After the world wars, Americans all over the country settled down to the business of living again without fear. Then we lost another 55,000 Americans in Korea, according to https://www.britannica.com/event/Korean-War, and perhaps we were just plain tired of minding other people’s business. (Unfortunately we are back to that scene with the same bad actors. Maybe nothing has really changed. But there comes a time when you yearn for the peace to concentrate on your own house and backyard.)
In a 1955 scrapbook Linda Yutzy unearthed from the Dysartsville community club, there is a newspaper article, with no date or byline. “Dysartsville is one of the communities that has lain dormant a great many years. Only in the past few years has it begun to wake up, look about, and see what can be done. Now residents of that community are working hard to improve themselves, their homes, churches, roads, and school.”
Here are a few examples of projects cited: “Mr. and Mrs. T.J. Shepard have built a new house, which Shepard wired for electricity. Their old house was about 100 years old. Mr. and Mrs. Jolley Duncan have remodeled their house, and underpinned it. Claude Allison has built a pump house, which will also house Mrs. Allison’s laundry. Mrs. John Huskins has filled her freezer full of foods. The Clay McIntoshes have added a gas stove and water heater. Mrs. McIntosh canned food by a Home Demonstration food budget.” Local news worthy of sharing. Early Facebook posting.
“Many improvements have been made in the school. The grade A lunchroom has new tables and chairs. Mrs. J.E. Conner prepares and serves the food to approximately 100 children, out of 120 enrolled. She not only prepares and serves the food, but she is also the dishwasher, and “clean-up lady.” “The kitchen and lunchroom are both in one room. One plan for the school is to build a separate kitchen for the lunchroom. The whole school is being repainted, and new windows put in. The library which was once in a dark, dungeon-like room is now in a large room with new chairs, tables, and bookcases. They also have new books.”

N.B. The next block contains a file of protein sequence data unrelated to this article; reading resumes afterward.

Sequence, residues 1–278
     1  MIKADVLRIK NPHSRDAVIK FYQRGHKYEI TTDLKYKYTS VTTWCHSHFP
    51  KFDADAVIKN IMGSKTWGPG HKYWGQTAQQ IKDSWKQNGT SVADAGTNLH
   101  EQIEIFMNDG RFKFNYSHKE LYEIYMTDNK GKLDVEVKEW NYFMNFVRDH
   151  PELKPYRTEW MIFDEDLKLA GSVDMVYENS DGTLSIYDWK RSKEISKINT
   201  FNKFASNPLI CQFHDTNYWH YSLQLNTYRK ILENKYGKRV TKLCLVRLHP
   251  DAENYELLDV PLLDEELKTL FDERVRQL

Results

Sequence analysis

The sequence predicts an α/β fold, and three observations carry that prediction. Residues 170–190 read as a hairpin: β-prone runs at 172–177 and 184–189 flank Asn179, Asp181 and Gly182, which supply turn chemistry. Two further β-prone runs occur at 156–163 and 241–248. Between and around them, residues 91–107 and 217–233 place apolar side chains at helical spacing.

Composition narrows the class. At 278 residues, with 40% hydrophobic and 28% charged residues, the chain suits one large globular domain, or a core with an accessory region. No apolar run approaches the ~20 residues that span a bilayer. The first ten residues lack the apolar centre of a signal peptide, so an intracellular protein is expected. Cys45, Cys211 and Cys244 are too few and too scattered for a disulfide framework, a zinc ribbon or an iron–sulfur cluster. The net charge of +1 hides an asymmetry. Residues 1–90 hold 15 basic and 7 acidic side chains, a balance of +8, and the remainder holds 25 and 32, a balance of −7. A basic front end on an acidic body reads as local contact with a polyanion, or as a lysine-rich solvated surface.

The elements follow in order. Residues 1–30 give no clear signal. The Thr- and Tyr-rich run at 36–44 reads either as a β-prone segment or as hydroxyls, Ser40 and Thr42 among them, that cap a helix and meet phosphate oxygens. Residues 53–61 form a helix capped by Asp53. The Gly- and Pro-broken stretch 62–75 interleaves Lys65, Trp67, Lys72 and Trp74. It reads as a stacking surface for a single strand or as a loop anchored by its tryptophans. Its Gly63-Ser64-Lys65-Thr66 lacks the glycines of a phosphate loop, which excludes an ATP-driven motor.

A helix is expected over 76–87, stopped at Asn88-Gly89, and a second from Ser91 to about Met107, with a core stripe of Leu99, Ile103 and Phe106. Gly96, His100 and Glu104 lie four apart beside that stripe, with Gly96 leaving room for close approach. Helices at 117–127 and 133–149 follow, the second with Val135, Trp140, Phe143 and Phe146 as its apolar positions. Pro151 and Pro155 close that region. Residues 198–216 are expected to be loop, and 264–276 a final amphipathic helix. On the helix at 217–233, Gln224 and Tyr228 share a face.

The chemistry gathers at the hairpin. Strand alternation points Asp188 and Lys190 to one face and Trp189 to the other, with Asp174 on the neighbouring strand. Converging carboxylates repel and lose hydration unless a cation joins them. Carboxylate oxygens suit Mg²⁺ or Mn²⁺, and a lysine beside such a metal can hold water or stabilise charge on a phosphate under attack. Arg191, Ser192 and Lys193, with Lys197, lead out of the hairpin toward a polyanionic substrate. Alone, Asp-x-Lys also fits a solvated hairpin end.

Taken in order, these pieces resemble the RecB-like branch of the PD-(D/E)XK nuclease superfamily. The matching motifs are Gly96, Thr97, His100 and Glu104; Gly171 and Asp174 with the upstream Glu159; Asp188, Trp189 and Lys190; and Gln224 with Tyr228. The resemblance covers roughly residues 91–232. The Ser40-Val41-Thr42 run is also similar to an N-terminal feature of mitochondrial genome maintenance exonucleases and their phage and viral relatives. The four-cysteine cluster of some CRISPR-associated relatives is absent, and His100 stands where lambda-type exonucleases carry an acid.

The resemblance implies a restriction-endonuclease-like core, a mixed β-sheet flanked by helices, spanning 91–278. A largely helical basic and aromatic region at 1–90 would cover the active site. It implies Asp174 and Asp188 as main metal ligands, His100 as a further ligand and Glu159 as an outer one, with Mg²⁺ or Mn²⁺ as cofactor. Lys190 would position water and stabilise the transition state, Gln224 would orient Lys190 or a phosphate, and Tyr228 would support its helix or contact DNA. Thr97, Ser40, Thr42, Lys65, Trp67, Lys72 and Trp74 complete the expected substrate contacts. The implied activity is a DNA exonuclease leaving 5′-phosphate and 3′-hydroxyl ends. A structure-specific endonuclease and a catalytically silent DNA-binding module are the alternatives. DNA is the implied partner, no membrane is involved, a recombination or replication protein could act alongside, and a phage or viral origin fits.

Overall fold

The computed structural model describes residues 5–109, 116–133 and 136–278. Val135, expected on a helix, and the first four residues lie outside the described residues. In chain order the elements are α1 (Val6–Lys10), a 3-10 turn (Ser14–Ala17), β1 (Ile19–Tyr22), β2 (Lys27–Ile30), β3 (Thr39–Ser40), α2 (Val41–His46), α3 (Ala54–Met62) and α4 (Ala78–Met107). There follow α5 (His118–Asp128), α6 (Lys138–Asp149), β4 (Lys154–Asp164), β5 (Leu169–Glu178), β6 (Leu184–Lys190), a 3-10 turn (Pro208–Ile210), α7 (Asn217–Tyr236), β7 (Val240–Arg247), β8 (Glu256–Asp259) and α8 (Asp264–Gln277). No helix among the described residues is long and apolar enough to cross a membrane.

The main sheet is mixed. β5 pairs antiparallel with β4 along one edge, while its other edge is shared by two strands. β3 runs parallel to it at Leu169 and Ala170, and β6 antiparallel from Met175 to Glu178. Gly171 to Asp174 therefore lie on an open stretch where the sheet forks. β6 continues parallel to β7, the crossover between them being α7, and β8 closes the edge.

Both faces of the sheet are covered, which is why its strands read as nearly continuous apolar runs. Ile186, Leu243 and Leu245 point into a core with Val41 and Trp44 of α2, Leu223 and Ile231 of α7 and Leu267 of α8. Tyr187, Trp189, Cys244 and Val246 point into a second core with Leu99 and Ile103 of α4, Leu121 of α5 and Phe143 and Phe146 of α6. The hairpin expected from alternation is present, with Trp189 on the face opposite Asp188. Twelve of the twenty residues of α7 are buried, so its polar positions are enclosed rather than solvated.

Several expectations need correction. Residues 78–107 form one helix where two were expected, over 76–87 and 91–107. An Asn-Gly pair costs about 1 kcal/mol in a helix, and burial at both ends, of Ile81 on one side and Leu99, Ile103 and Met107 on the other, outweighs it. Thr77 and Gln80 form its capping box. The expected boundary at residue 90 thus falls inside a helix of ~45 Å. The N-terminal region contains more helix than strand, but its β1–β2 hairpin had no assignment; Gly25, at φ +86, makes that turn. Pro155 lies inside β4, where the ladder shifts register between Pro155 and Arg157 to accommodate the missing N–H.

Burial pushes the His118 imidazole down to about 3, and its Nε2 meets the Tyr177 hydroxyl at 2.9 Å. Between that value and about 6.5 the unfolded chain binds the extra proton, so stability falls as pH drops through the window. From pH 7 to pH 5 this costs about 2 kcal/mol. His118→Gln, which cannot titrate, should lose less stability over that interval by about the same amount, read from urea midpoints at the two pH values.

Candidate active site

“The school has new water fountains, and new swings for the playground.” “Plans are being made to plant shrubbery on the playground and around the school to enhance its looks. Principal G.L. Byrd is working to change the course of the driveway so it will not cross the playground.” Excellent idea! Of course most kids walked to school. Most families had only one car.
“Dysartsville Community is entering the Rural Community Development Program contest of Western North Carolina. The aim of the whole program is to make the communities better places to live. Projects range from beautification through recreation, rehabilitation of public buildings, and church improvement programs.
There was also a sample notice from the US Post Office to Rural Route No. 1 residents to conform to the regulations of a mailbox so the carrier “does not have to dismount from his conveyance.” It had to be firmly planted, level, and waterproof at a certain height and distance from the road on the right-hand side of the road and facing the road with the correct house number. And it had to be white with “neat black letter about 1 inch in height.”
And then came the paragraph I had to reread and again wrap my head around the technological progress we take for granted. “Residents of Dysartsville are working hard to get the telephones in the community. They are hoping to get them soon.” How can our kids possibly relate to the past if they don’t read real history. We are the sum of our experiences. And having a telephone in 1955 was a foreign experience for kids.No phones? How did people communicate?
I found out talking to Pat Allison Arrowood. In 1959, she was the last bride to be married in the old Dysartsville Baptist Church. She married her Glenwood high school sweetheart Ray Dean Arrowood who lived on family property on Brackett Town Road. Pat’s grandfather, Benjamin Taylor Daves, was the postman for the Vein Mountain post office (Deming post office when it was a town. Pat and Ray live directly across the street from Nora Worthen, sister to Brice Sprouse whose story I told in the Brackett Town Saga Part 17 Brother Larry’s Turn to Tell Tales). The school teacher for Vein Mountain lived in Dysartsville, and was Pat’s cousin, Inez Daves. “When grandfather came to bring the mail, he would bring her to work every morning, leave her at the schoolhouse, and then when he come back to deliver the mail in the afternoon, he’d pick her up and take her back home. But it was funny, you got the mail the same day. “Everybody mailed everybody, and all they did was put their name on the outside. I collect postcards, and I love the way they addressed the card like Aunt So-and-So. And they spelled the town Dysortsville,” as they pronounced it.
Copyright @2018 Georgia Wilson